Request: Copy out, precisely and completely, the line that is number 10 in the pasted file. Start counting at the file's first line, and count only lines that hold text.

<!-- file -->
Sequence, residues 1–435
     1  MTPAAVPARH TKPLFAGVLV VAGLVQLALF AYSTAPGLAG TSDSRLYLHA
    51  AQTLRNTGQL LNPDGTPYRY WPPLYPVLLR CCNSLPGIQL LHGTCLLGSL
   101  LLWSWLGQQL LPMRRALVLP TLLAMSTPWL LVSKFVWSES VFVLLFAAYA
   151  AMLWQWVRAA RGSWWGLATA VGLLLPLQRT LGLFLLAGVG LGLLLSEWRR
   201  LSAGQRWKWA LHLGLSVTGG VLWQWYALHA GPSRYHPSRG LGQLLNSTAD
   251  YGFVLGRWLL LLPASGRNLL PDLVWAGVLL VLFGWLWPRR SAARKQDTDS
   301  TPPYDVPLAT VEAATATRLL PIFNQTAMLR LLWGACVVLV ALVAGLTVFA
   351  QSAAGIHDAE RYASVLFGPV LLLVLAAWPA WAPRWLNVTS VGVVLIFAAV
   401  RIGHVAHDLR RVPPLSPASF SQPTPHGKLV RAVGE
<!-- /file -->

   401  RIGHVAHDLR RVPPLSPASF SQPTPHGKLV RAVGE